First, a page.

AN F/10/1294. I would like to thank Daniella Berman for the photographs of this document. The Commission managed scientific objects as well as art objects seized by the government. On Honoré Fragonard’s activities in Alfort before and during the Revolution, see Christophe Degueurce, Honoré Fragonard et ses écorchés: un anatomiste au Siècle des Lumières (Paris: Réunion des musées nationaux, 2010).
 The fifth edition of the Dictionnaire de l’Académie française (1798) defines angiologie as “the part of anatomy that deals with the vessels of the human body (La partie de l’Anatomie qui traite des vaisseaux du corps humain).” Like the term anatomie, angiologie was used in the eighteenth century to refer not only to the study but also to the object of study, whether actual body parts or a representation.
 “Angeiologie humaine, on voit,
1.º le coeur et l’aorte qui en part,
2.º les carrotides [sic] et leurs distributions à la tête,
3.º les axillaires & leurs distributions aux extrémitiés supérieures
4.º les mésentériques, les intescostales [sic],
5.º les reins, les urètres, la vessie avec leurs artères
6.º les eliaques [sic] et leurs distributions aux extrémités inférieures, le tout sur une planche, pièce d’un bel effet.”
 The angiology panel is one of the twenty-one anatomical preparations in Alfort attributed to Honoré Fragonard. Some of them, however, may have been made by his students Jacques Marie Hénon and Pierre Flandrin. See Degueurce, Honoré Fragonard et ses écorchés, 84. If Fragonard indeed made the panel, then its date can be narrowed down to 1766-1771, his years at the school. If the panel is by Hénon, the terminus ante quem would be 1780, when he left to become the director of the Veterinary School of Lyon. If Flandrin is the author, the latest date would be 1787, when severe budget cuts at Alfort would have made the production of such costly objects impossible. The 1794 inventory does not indicate the authorship of individual items.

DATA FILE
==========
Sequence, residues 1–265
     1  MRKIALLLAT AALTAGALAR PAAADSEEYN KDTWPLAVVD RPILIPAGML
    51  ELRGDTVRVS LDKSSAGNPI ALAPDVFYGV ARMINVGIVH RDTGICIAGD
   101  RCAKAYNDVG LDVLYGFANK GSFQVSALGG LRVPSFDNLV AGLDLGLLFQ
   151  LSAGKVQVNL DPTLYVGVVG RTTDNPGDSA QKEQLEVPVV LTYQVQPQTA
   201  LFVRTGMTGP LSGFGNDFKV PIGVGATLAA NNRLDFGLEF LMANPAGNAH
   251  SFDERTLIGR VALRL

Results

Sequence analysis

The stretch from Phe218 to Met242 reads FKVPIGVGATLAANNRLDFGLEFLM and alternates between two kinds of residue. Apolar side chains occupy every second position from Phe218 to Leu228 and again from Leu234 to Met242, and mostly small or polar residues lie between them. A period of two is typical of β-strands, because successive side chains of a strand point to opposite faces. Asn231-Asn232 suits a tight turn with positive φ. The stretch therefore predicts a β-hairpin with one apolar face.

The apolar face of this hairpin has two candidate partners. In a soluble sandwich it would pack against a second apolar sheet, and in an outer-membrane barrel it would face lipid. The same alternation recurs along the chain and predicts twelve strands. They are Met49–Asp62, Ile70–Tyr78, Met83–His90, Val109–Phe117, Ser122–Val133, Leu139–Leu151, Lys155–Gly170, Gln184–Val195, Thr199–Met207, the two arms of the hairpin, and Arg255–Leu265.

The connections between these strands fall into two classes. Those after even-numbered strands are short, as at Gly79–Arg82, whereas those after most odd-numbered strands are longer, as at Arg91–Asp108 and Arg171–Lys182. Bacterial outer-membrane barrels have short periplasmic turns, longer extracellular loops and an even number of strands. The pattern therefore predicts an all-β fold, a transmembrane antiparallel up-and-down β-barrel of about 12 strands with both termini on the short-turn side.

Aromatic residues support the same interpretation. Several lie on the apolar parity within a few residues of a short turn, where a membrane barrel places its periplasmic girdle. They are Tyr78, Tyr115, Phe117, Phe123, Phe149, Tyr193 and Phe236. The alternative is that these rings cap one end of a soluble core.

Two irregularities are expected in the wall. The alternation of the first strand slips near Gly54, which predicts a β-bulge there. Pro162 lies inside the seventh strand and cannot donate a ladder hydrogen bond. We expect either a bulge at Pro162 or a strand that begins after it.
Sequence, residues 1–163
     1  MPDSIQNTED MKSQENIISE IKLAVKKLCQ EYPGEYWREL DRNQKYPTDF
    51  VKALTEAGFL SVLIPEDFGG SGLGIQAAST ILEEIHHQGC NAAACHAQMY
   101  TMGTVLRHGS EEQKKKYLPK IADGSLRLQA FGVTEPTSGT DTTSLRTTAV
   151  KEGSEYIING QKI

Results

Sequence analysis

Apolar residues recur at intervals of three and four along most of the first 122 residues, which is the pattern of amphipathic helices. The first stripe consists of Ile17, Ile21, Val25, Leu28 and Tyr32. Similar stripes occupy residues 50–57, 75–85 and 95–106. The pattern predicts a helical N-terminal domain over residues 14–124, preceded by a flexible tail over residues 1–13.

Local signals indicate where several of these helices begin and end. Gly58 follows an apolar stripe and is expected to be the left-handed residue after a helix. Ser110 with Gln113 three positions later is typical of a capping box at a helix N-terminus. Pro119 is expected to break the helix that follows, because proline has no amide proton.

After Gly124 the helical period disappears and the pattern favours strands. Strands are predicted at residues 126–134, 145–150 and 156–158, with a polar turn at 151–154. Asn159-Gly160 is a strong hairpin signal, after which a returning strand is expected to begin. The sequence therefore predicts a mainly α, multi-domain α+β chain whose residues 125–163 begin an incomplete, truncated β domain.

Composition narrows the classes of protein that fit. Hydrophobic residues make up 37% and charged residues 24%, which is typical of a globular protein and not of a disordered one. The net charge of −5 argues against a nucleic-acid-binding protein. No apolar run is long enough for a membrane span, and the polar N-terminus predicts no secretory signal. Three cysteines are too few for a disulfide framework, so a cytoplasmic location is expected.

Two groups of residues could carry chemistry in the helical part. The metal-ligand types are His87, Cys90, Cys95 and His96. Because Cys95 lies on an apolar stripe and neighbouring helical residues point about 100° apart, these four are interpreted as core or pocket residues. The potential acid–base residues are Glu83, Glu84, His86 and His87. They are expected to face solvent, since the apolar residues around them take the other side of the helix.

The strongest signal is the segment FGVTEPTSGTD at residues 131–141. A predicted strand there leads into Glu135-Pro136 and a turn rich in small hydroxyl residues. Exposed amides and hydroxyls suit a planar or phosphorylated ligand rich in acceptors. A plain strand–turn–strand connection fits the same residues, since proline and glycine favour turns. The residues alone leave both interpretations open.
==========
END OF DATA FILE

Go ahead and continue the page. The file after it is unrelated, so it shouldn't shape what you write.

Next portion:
Engraved by A. J. Defehrt (1723-1774), the plate was included in the Encyclopédie’s first volume of plates under the section “Anatomy” (Plate VIII, Figure 1). The four Evelyn Tables were prepared in 1646 by Giovanni Leoni d’Este under the supervision of Johann Vesling at the University of Padua. Acquired by John Evelyn and brought to England, they are now at the Hunterian Museum at the Royal College of Surgeons in London.
 Both the Evelyn tables and the Alfort panel take the form of vertical rectangles, which not only conjure up the image of a person standing or lying on a surface, but also refer to the printed page, the predominant format of anatomical representation in the early modern period. The Encyclopédie illustration reinforces this tableau-like quality by means of its double-lined framing near the edges of the page.
 Jean-Joseph Sue the Elder, Anthropotomie, ou l’Art d’injecter, de disséquer, d’embaumer et de conserver les parties du corps humain, 2nd ed. (Paris: P. G. Cavalier, 1765), esp. 70-76. The first edition, of a much shorter length, appeared in 1750.
 In the early modern period, spirit of turpentine usually referred to the distilled liquid from pine resin, and Venice turpentine referred to the semi-liquid resin of the common larch. See Jo Kirby, Susie Nash, and Joanna Cannon, eds., Trade in Artists’ Materials: Markets and Commerce in Europe to 1700 (London: Archetype, 2010), 457.
 The fourth edition of the Dictionnaire de l’Académie française (1762) includes the following as one of the definitions of the verb jeter: “On dit encore, Jeter, pour dire, Faire couler du métal fondu dans quelque moule, afin d’en tirer une figure.” Deriving from the Latin jactare, jeter in this period had different spelling variations and cognates including the noun gect, which was used to refer to casts before the modern term moulage. See, for example, the manuscript by an anonymous sixteenth-century artisan at the National Library of France (Ms. Fr. 640), currently investigated by Pamela Smith in her Making and Knowing Project.
 Sue, Anthropotomie, 79.
Cite this note as: Charles Kang, “Anatomy of the Bel Effet: Wax between Science and Art,” Journal18, Issue 3 Lifelike (Spring 2017), http://www.journal18.org/1500